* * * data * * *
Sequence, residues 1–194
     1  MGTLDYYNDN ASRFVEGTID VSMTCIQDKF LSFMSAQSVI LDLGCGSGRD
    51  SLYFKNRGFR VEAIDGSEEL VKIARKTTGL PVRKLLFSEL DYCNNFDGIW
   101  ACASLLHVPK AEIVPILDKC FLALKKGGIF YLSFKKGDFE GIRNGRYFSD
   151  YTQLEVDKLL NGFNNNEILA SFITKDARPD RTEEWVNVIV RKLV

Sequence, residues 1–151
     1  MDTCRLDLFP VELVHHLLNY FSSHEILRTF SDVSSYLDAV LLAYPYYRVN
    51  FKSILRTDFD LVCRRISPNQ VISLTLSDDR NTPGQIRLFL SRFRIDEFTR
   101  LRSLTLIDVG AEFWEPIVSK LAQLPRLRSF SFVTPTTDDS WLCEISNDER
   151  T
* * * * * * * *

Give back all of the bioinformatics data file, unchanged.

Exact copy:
Sequence, residues 1–194
     1  MGTLDYYNDN ASRFVEGTID VSMTCIQDKF LSFMSAQSVI LDLGCGSGRD
    51  SLYFKNRGFR VEAIDGSEEL VKIARKTTGL PVRKLLFSEL DYCNNFDGIW
   101  ACASLLHVPK AEIVPILDKC FLALKKGGIF YLSFKKGDFE GIRNGRYFSD
   151  YTQLEVDKLL NGFNNNEILA SFITKDARPD RTEEWVNVIV RKLV

Sequence, residues 1–151
     1  MDTCRLDLFP VELVHHLLNY FSSHEILRTF SDVSSYLDAV LLAYPYYRVN
    51  FKSILRTDFD LVCRRISPNQ VISLTLSDDR NTPGQIRLFL SRFRIDEFTR
   101  LRSLTLIDVG AEFWEPIVSK LAQLPRLRSF SFVTPTTDDS WLCEISNDER
   151  T